“The Government isn’t doing the private sector a favor by forming alliances,” government authorities stated, according to Diaz Castellanos’ post. “We are obliged to do this and ready to identify the barriers that exist at a local level for the private sector, so that we can break them down.”

Photo taken from Adriana Ricardo’s Facebook page.

Developers, event organizers, consultants, designers, business owners and employees linked to gastronomy and mechanics’, community project managers, etc. all attended the meeting.

“It was a good first step,” Adriana Ricardo pointed out. “This space for dialogue was something we’ve been requesting for a long time and we are grateful to the Public Administration Academy for making it a reality. That doesn’t mean to say that the private sector’s problems will magically be resolved, but the ball has started to roll which might even travel to other provinces.”

3 thoughts on “Cuban Gov. Authorities Meet with Entrepreneurs and Academics in Havana

  • It going to happen just nothing . It is hard coded in the cuban system’s core

  • Analyze any successful business oriented geographic area, either municipal, provincial, state, or federal jurisdiction, and what you will find is business success is fostered in areas where the government is least intrusive. Business abhors antiquated laws and bureaucratic decrees that help the government but stifle business.

    Any successful entrepreneur wants the free market to rule the environment so that the business owner can compete fairly with the market. Absolutely, the government plays a role but certainly not an extensive and/or excessive one.

    Probably the number one crucial issue – at least, it should be – facing both government and business entrepreneurs today in Cuba is monetary policy. Is there any other federal government in this world that has two currencies on the go at the same time? How is a Cuban business entrepreneur suppose to operate a business, deal with foreign competition, purchase inputs from foreign suppliers when the government uses dual currencies?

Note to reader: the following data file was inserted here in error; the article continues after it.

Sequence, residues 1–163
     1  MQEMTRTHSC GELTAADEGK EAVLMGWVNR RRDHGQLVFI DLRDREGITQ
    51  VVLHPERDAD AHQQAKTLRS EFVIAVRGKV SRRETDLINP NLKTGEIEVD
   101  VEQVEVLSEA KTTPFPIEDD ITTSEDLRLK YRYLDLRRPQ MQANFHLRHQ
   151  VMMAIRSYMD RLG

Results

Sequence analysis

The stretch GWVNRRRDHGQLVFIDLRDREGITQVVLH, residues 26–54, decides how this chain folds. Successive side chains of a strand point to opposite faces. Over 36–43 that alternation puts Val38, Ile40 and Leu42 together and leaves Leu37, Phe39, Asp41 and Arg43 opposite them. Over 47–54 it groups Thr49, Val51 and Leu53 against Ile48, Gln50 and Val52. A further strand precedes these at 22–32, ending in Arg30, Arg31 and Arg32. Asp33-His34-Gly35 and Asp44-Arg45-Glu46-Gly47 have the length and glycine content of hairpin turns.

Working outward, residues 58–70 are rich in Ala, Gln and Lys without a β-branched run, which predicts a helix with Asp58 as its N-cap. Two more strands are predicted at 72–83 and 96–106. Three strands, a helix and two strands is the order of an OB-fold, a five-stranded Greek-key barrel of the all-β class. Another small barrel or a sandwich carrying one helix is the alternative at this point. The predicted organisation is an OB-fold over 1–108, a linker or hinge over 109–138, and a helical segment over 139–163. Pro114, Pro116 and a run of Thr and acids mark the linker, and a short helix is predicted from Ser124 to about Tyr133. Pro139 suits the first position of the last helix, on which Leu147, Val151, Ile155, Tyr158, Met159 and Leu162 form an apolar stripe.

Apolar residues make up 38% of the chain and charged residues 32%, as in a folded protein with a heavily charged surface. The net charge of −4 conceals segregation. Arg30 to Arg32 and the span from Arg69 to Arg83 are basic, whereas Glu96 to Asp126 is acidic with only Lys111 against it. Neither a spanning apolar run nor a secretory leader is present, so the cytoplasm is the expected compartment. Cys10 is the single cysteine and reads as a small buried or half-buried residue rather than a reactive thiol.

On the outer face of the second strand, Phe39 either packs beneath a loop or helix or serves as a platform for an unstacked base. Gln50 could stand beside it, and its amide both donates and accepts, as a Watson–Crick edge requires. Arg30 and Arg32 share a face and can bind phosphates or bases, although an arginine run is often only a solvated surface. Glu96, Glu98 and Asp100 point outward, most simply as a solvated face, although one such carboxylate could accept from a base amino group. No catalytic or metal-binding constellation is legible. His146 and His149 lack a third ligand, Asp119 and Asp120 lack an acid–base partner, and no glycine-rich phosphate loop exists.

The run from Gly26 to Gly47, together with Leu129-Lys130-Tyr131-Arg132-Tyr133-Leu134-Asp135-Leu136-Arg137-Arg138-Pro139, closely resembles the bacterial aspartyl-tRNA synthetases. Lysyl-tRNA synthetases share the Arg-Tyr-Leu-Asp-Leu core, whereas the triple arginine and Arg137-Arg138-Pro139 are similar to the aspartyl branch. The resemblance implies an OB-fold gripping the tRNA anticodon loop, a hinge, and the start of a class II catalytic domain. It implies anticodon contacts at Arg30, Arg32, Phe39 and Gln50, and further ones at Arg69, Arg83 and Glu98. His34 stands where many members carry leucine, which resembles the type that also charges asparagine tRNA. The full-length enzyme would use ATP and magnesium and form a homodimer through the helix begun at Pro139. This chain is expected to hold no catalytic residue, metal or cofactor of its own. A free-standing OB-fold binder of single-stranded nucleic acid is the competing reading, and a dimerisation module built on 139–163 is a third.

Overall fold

This is exactly what business abhors: uncertainty and duplicity. Suppose a Cuban entrepreneur needs to purchase inputs to operate a business and knows exactly where those foreign inputs are and how to purchase them. The business owner needs to reassure the foreign buyer that the Cuban currency ( either CUC or pesos) is credible and current and acceptable. In what other country do business entrepreneurs have to reassure their potential input suppliers that, yes, the Cuban monetary system is transparent, reliable, acceptable and stable. Nowhere. This is where the government needs to step in and level the playing field so that businesses can compete and do business and not have to worry about costs beyond their financial control.

    Is the government ready to back up all Cuban business owners who need to do business outside its borders with currency guarantees? Is this just not another headache, obstacle, impediment for business owners who are risk takers and must evaluate the chances of success based on knowledgeable facts and if the money one is dealing with is supposedly “suspect” according to foreign suppliers, why even attempt to operate.

    China and Vietnam, whose government’s bureaucracy mimics Cuba’s to a certain extent has one national currency. Chinese and Vietnamese businessmen/women have no problem dealing with foreigners in monetary transactions because there is a great deal of certainty and clarity in getting paid according to contractual terms. Can the same be said about Cuban business presently? One currency only for business success is what markets demand and successful businesses operate exclusively on market principles – just read Adam Smith.

  • Change is of the essence.